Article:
On the screenwriting front, my writing partner and I hop from genre to genre with each script. We’ve written modern-day and historical, comedies and dramas, ‘cerebral’ and silly, crime, horror and some that even we don’t quite know how to define. . . keeps things interesting!
What are your happiest memories in your writing career?
My writing career to date is modest, but the successes are happy memories of course: story acceptances by publications, winning a story competition and having my entry recorded as a podcast, getting a screenplay into the BBC and being interviewed by producers and, more recently, being on the film set of a short film my writing partner and I had scripted. We even had a screening at the British Film Institute which was memorable.
But mostly, my happiest memories are around the people I have met, either to work with or hanging out at writing events and conventions. (Well, 99% of them. . . there are always a few purveyors of bad-vibes). But for the most part, being part of a writing community is a happy thing.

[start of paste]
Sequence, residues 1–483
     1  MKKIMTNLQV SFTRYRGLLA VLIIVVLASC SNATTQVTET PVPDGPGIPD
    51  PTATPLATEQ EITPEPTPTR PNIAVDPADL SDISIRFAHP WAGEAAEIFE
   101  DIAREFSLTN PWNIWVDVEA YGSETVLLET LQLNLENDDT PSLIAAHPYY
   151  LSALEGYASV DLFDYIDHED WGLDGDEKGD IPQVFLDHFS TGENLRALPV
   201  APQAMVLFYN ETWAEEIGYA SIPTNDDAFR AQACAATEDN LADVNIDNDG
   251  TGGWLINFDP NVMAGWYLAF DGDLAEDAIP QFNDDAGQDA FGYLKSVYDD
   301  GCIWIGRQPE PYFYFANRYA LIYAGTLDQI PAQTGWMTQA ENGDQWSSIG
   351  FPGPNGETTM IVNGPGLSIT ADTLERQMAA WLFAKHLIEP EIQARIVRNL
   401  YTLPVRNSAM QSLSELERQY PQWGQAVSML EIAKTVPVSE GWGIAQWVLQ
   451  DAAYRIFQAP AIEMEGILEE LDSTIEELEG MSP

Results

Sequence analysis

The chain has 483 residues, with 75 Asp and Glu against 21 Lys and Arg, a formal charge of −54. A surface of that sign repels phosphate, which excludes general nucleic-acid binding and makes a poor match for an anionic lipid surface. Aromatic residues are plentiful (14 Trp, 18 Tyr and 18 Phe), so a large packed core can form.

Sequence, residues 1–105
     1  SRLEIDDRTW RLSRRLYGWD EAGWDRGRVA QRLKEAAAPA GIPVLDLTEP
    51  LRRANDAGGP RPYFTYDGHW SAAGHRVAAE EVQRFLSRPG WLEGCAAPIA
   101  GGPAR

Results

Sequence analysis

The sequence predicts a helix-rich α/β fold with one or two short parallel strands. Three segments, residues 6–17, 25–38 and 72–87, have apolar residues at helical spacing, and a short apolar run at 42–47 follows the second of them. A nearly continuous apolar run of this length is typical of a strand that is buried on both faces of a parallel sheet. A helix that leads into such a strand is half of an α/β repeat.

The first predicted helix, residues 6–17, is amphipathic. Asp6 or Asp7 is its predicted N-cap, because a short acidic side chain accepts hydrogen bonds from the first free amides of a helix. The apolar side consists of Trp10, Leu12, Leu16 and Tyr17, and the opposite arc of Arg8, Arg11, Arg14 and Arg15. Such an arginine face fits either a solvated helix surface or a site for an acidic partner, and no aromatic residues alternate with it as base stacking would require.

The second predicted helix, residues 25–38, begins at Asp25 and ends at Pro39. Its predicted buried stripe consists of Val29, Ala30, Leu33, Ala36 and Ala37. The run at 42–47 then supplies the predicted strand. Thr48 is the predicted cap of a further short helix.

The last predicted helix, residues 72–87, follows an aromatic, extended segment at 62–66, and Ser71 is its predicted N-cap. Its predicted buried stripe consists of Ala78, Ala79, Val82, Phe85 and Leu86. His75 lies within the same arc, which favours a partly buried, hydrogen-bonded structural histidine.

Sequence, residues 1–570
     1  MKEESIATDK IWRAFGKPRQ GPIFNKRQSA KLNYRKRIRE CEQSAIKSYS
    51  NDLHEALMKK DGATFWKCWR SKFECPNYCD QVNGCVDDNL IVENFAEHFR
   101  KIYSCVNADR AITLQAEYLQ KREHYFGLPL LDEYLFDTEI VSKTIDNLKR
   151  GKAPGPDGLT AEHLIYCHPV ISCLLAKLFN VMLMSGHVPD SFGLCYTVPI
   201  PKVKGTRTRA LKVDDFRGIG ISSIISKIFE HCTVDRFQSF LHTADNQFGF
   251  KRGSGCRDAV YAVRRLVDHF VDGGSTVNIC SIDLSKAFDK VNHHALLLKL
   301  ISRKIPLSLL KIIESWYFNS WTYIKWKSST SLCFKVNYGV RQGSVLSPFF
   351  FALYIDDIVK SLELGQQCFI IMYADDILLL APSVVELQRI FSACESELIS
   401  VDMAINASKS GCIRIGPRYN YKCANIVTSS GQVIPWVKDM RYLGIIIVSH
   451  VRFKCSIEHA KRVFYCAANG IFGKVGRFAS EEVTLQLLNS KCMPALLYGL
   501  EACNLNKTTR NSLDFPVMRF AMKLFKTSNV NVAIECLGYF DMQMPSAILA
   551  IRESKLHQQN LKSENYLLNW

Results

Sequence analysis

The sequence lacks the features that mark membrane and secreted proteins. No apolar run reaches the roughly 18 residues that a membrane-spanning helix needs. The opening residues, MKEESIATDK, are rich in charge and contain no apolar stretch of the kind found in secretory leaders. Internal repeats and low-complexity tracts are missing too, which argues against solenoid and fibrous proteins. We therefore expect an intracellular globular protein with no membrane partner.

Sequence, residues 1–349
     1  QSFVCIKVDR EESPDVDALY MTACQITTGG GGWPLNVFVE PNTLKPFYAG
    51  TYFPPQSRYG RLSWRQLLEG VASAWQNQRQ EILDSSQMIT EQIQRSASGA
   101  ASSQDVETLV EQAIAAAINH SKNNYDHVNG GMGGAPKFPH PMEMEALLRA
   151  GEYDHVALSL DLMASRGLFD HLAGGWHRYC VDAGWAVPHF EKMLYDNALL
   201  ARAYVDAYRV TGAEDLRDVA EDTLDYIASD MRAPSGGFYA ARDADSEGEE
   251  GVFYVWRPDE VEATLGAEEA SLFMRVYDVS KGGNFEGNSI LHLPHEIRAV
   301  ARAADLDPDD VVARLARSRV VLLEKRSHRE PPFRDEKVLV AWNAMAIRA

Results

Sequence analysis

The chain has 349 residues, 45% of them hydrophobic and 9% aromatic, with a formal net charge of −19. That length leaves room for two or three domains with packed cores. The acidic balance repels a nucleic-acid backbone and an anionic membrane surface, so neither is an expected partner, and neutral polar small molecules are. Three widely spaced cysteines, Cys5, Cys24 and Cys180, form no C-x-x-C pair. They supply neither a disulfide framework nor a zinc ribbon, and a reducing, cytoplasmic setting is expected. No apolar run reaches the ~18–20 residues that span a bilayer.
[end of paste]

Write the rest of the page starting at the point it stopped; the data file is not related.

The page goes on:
How do you handle success and failure?
Hopefully, with equanimity, in both cases. My writing successes—if one judges ‘success’ in terms of publication acceptances—have filled me with a sense of relief as much as anything, a feeling that ‘at least something worked.’ As a writer still making my way, I’ve needed that validation to give me the self-belief to continue. You need that in order to overcome the inevitable rejections. I try to consider rejections as stories that are ‘not yet successful’ rather than failures.
Rejection is a part of life: in relationships, in the workplace, in social situations and so on. Having writing pieces rejected—though crushing in its way—is not on the same scale. It’s not personal. For every writing rejection, I allow myself one single day of self-pity, (crisps, wine, movies), and then move on. Similarly, for every writing success I allow myself one single day of self-approval, (crisps, wine, movies), and then move on.
What makes you write when you’re exhausted and your fingers ache?
Deadlines! Sometimes self-imposed, sometimes because I owe a few scenes to my writing partner and sometimes for actual deadlines. That, and the knowledge that my next available slot of writing time might not come along for another few days. (I’m married with children, a 45-hour-a-week job plus other commitments so time to write is not a daily occurrence).